Individualism and the Theory of the State. The importance of the Philosophy of Right did not depend upon the formal structure of its argument but upon its reference to political realities, a reference which the formalism sometimes made almost surreptitious. It dealt with two subjects of fundamental importance, the relationship between the human individual and the social and economic institutions within which he lives his personal life and the relationship between these institutions and the state, which Hegel regarded as unique among institutions. With his theories of these two relationships the remainder of this chapter will be concerned.
Before taking up his theories, however, it should be made clear that Hegel’s point of view, though it was opposed to the point of view of French and English political thought, had substantial reasons behind it and that its injection into political theory was timely and important.
The Philosophy of Right was in fact permeated by the same qualities of thought that marked Hegel’s early political writings, a firm grasp of political philosophy and a realistic understanding of political history. Indeed, in a limited sense his purpose might be described as an attempt to test political theory by constitutional history. The philosophy in question was of course the doctrine of inalienable individual rights and the meaning of that doctrine as revealed by the French Revolution.
To his estimate of the Revolution Hegel brought a point of view that was typically German and that reflected the political experience of Germans. The philosophy of natural rights had been cut, so to speak, to fit the political experience of the French and English. Hegel’s rejection of natural rights and his theory of the state was cut to fit the political experience of Germany. In a broader sense, however, Hegel’s criticism was a thoroughgoing philosophical analysis of individualism and of its validity as a theory of society.
Hence it served as a starting point for re-examining the whole range of psychological and ethical problems involved in a social philosophy. In this respect Hegel’s philosophy was perhaps more important outside Germany than within, precisely because it brought to light considerations that individualism had neglected.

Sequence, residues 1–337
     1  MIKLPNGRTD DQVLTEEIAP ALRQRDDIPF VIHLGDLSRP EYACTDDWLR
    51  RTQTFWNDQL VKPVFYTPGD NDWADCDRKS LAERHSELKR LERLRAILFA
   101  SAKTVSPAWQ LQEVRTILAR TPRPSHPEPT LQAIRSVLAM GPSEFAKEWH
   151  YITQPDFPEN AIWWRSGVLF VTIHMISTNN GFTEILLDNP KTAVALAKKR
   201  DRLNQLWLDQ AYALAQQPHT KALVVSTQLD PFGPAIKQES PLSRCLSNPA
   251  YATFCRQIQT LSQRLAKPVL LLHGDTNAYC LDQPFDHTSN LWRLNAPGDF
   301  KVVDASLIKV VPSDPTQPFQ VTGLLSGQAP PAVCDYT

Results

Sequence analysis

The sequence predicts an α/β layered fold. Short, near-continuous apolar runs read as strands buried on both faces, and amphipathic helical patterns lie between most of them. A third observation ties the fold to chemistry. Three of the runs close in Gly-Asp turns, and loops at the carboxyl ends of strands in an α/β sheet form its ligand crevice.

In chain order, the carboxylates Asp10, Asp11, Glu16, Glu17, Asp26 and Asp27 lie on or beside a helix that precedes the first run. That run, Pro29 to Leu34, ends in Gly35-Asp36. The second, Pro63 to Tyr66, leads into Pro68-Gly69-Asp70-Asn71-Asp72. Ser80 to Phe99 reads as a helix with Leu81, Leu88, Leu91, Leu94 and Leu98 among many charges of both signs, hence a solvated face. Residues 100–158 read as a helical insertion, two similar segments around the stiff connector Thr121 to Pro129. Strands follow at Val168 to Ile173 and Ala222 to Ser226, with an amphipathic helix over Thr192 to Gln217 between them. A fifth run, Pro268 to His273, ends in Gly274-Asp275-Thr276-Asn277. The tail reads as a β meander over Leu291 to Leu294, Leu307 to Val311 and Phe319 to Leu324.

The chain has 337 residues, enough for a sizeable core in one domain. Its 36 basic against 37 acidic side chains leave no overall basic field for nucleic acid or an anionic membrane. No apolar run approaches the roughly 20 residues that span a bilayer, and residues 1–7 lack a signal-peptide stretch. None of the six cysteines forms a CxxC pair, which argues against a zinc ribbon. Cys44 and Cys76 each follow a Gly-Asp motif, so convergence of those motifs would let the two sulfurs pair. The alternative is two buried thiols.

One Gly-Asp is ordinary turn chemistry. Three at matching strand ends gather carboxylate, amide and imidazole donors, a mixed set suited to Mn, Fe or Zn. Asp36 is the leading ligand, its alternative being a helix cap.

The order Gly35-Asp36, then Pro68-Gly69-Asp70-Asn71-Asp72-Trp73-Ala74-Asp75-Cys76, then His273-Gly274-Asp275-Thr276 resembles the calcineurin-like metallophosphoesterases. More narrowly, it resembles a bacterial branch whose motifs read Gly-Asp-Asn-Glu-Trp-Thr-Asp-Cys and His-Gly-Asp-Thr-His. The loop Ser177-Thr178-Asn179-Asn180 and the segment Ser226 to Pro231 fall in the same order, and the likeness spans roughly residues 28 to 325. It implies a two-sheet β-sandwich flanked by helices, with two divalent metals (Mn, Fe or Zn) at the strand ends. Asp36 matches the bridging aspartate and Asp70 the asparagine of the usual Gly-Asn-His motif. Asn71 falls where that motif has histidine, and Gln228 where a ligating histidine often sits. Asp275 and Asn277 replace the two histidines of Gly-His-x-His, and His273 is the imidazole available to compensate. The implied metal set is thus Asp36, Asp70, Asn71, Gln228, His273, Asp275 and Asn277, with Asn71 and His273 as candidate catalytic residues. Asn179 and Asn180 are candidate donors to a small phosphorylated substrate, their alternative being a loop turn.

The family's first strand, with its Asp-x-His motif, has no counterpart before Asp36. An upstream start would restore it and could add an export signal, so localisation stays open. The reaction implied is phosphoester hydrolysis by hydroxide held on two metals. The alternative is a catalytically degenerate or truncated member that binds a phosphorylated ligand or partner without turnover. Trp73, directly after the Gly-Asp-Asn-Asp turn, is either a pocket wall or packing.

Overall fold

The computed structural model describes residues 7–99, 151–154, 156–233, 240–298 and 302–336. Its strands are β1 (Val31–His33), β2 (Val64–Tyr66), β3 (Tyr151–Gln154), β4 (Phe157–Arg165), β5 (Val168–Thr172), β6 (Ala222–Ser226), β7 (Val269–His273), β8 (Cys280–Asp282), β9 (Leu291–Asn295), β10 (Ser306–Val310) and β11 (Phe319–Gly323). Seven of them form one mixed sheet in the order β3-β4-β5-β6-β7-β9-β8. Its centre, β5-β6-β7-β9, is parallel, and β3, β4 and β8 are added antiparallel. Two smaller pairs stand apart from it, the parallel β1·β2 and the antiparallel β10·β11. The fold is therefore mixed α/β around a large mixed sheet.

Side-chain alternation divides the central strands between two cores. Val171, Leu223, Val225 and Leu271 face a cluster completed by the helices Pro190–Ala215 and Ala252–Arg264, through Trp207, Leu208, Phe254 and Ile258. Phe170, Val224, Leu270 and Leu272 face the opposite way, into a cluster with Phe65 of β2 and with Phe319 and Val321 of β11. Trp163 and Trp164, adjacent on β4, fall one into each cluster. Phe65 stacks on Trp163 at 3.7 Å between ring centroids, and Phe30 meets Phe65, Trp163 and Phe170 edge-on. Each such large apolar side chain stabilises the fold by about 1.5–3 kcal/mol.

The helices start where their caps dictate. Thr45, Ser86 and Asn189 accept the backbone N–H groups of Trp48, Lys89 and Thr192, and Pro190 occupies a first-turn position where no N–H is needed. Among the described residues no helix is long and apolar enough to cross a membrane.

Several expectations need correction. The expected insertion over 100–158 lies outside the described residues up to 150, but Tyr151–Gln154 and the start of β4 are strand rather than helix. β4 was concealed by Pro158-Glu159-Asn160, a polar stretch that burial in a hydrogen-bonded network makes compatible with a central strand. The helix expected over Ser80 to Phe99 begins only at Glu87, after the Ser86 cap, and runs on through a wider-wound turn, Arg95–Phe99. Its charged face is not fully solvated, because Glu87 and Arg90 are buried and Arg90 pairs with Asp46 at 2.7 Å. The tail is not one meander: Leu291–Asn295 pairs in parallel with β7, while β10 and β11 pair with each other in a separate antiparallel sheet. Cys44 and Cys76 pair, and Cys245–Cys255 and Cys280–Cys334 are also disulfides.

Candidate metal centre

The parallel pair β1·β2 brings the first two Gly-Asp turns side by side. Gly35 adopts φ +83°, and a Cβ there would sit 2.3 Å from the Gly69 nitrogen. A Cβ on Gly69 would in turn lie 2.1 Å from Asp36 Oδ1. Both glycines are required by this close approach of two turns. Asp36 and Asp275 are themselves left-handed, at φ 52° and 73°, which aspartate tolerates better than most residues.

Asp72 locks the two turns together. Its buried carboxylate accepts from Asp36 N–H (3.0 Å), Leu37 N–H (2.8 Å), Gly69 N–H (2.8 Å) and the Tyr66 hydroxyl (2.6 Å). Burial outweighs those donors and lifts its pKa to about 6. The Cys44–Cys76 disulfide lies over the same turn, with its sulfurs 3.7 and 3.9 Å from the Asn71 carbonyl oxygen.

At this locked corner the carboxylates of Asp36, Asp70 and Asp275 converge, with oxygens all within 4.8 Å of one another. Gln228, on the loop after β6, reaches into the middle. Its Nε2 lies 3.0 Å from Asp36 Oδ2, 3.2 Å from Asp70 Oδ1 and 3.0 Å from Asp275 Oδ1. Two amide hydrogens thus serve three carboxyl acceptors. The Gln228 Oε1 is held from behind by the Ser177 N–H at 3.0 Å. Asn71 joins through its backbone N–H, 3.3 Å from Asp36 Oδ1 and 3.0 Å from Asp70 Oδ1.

There had been and there continued to be little in the politics of Germany that could give to the idea of individual rights a hold upon the political consciousness of Germans such as it had upon the minds of Frenchmen and Englishmen. As a theory the philosophy of natural rights was of course fully known to Germans but it remained for them in a sense esoteric and academic, as German liberalism proved itself to be in 1848.
In France and England the theory had been forged as the defense of a minority’s claim to religious toleration against a majority that could wield against them the power of a government already comparatively well centralized and largely nationalized, while Germany was the one country in which religious differences could be made to coincide reasonably well with political boundaries.
In France and England natural rights had become the defense of a rational revolution against monarchy, but in Germany there had been no revolution. The defense of private judgment and individual freedom of action against the state had never been felt by Germans as a vita | Interact of the nation Itself, Finally, in England individual rights by, came an adequate philosophical support for commercial and industrial expansion under a policy of laissez faire. Germany, on the other hand, in Hegel’s day and later, had achieved no such unity of national feeling as had long existed in France and England.
its mentality was filled with provincialism and with antagonisms against its imperfectly as simulated minorities. Its economy was backward in comparison with the national economies of England and France, and its government, in Hegel’s day had just demonstrated their political and military in competence before the onslaught of Napoleon. When Hegel died it would still be a full generation before Germany achieved a political unity consonant with its cultural nationalism, and Hegel was quite right in predicting that this would not occur on the lines that had bee, followed by French or English liberalism.